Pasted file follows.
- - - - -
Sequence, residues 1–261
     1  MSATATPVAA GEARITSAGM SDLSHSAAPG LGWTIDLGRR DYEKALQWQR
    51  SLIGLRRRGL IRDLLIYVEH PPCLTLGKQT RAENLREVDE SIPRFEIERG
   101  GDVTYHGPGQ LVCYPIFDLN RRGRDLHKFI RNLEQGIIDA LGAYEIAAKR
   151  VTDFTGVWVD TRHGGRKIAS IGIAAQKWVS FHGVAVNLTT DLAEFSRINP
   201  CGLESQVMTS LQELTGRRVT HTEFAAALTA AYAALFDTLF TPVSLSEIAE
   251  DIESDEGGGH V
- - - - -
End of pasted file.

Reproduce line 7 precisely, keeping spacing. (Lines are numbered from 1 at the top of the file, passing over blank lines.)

   251  DIESDEGGGH V